Students Present Research at Calder SymposiumContact: Victor M. Inzunza
Sarwan Dhir, Ph.D.
Director of the Center for Biotechnology, Fort Valley State University
Photo by Ken Levinson
Nine students from throughout the country presented their research as part of the 2007 Calder Summer Undergraduate Research Symposium at Flom Auditorium in the Walsh Family Library at the Rose Hill campus on Thursday, Aug. 16.
The all-day event featured a keynote address by Sarwan Dhir, Ph.D., program director of the Center for Biotechnology at Fort Valley State University. “You have worked really hard,” Dhir told the students. “This was just a seed for you—it’s up to you to grow now.”
The Calder Summer Undergraduate Research (CSUR) Program, which has been held at Fordham’s Louis Calder Center Biological Field Station in Armonk since 1998, is a highly selective 12-week initiative that attracts students from across the country to conduct research under the mentorship of Fordham ecology faculty members. Participating students have access to study sites at the station and nearby ecosystems, such as the Hudson River, the Catskill Mountains and Black Rock Forest.
The students ranged from Texas A&M University in College Station, Tex., to Medger Evers College in Brooklyn. Funding for the program is provided by a grant from the National Science Foundation’s Research Experiences for Undergraduates Site Program.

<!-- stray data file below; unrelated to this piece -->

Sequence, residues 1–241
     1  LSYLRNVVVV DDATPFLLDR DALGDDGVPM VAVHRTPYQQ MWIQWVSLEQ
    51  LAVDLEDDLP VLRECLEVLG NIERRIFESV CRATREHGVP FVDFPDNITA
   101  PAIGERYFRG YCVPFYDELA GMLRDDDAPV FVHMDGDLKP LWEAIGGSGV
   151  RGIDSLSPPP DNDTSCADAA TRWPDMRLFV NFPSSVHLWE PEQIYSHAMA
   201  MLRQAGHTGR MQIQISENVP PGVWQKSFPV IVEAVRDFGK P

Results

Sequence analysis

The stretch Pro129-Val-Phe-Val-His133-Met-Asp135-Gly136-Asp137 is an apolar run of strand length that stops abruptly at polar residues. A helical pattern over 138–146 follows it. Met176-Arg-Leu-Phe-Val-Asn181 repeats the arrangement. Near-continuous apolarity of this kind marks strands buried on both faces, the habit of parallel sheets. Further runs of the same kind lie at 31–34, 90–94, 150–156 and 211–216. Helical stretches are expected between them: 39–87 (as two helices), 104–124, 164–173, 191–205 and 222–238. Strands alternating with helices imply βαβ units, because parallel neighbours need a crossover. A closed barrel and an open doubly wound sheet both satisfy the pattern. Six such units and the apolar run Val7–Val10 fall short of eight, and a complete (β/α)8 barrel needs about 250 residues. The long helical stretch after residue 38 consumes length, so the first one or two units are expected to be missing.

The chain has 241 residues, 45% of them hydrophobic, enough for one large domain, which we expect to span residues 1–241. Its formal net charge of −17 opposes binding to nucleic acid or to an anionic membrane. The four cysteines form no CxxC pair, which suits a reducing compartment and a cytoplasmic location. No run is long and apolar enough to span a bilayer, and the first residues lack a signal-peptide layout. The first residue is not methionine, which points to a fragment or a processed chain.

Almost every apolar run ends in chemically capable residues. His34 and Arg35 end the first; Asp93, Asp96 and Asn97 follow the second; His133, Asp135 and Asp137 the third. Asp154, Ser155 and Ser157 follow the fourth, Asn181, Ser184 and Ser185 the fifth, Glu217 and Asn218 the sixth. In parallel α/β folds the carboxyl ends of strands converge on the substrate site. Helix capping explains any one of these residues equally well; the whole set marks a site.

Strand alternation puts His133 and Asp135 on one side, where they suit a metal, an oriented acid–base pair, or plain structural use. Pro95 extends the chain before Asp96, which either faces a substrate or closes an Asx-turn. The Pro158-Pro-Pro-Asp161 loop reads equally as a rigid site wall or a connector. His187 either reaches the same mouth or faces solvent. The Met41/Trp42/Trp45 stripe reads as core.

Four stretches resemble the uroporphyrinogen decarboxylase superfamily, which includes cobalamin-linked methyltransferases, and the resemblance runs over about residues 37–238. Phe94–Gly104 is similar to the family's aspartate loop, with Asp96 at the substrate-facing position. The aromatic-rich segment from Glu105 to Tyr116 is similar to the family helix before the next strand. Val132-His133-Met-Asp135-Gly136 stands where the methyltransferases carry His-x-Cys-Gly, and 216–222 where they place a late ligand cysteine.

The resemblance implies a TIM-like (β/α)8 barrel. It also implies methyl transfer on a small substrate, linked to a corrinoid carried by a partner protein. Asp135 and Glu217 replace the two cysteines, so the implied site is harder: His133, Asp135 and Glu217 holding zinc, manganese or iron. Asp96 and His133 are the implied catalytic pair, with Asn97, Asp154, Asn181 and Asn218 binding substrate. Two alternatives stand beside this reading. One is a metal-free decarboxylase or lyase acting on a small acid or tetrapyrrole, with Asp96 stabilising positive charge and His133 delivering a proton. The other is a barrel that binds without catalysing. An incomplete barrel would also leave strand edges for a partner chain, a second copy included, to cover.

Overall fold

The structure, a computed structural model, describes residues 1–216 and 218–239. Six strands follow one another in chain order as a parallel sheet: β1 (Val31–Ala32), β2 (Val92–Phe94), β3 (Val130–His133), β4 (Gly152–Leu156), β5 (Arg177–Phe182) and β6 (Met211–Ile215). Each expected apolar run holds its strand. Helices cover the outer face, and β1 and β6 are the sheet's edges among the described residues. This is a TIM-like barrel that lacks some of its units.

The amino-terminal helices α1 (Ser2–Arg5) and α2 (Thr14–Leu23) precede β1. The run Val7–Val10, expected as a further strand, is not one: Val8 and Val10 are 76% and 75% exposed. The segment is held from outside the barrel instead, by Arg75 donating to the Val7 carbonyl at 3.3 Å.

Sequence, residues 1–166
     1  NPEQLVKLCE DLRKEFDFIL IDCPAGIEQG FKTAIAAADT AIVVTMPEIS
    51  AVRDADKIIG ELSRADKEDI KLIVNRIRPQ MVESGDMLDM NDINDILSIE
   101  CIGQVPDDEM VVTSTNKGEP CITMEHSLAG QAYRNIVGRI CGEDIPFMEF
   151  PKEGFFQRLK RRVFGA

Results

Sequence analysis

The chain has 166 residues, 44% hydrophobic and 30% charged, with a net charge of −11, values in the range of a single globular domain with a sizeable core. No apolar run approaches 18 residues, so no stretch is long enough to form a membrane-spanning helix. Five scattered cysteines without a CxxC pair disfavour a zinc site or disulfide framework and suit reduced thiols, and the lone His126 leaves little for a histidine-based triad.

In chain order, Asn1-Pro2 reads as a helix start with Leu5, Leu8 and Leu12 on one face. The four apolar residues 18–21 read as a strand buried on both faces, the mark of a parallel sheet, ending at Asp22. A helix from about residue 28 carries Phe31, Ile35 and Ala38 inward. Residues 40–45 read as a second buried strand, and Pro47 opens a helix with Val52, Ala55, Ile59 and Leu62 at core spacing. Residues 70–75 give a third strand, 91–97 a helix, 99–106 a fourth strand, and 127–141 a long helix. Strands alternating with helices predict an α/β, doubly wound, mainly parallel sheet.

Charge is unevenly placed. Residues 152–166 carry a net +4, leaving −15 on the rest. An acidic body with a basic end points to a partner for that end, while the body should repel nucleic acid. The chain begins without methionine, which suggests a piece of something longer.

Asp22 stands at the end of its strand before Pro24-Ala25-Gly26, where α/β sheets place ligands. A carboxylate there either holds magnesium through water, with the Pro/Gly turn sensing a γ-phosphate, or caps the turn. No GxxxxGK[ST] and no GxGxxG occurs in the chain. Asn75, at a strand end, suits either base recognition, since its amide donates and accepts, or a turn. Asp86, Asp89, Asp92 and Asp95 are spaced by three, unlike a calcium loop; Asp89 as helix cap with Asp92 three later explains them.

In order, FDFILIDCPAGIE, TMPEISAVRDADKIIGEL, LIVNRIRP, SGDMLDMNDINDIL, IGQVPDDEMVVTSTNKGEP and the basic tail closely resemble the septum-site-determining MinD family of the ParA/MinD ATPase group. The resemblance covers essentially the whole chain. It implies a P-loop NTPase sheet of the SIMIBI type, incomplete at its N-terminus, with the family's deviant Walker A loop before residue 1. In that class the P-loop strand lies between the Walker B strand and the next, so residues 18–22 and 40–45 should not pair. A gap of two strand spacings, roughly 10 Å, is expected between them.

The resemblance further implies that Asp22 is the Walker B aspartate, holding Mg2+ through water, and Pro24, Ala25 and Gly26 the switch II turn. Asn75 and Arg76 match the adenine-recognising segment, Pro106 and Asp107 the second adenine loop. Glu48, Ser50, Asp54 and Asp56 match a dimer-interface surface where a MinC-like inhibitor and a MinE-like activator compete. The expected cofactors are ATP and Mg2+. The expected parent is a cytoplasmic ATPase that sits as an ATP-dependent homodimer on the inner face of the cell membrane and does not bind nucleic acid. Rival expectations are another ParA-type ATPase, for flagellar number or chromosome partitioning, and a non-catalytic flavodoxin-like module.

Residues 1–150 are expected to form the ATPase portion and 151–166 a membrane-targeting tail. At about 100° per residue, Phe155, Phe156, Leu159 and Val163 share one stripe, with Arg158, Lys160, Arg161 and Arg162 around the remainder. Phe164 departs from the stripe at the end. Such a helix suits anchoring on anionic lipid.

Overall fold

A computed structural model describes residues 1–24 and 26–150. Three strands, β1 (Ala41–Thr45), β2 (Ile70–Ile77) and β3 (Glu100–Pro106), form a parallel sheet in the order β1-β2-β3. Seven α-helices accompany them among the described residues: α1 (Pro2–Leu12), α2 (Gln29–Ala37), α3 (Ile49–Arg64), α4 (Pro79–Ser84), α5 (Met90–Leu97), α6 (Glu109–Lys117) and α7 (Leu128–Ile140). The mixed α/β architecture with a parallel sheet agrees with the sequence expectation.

John Wehr, Ph.D., associate professor and director of the Calder Center, and James Lewis, Ph.D., associate professor of biology, direct the program. “As opposed to being told about science, they’re doing science,” Wehr said. “By the end of the summer, their hard work results in some excellent science. This was a very enthusiastic group of students.”
The students each delivered 20-minute presentations about their research on topics ranging from ectomycorrhizal fungi to negative geotaxis in rice and maize weevils.
Founded in 1841, Fordham is the Jesuit University of New York, offering exceptional education distinguished by the Jesuit tradition to more than 15,600 students in its four undergraduate colleges and its six graduate and professional schools. It has residential campuses in the Bronx, Manhattan and Tarrytown, and the Louis Calder Center Biological Field Station in Armonk, N.Y.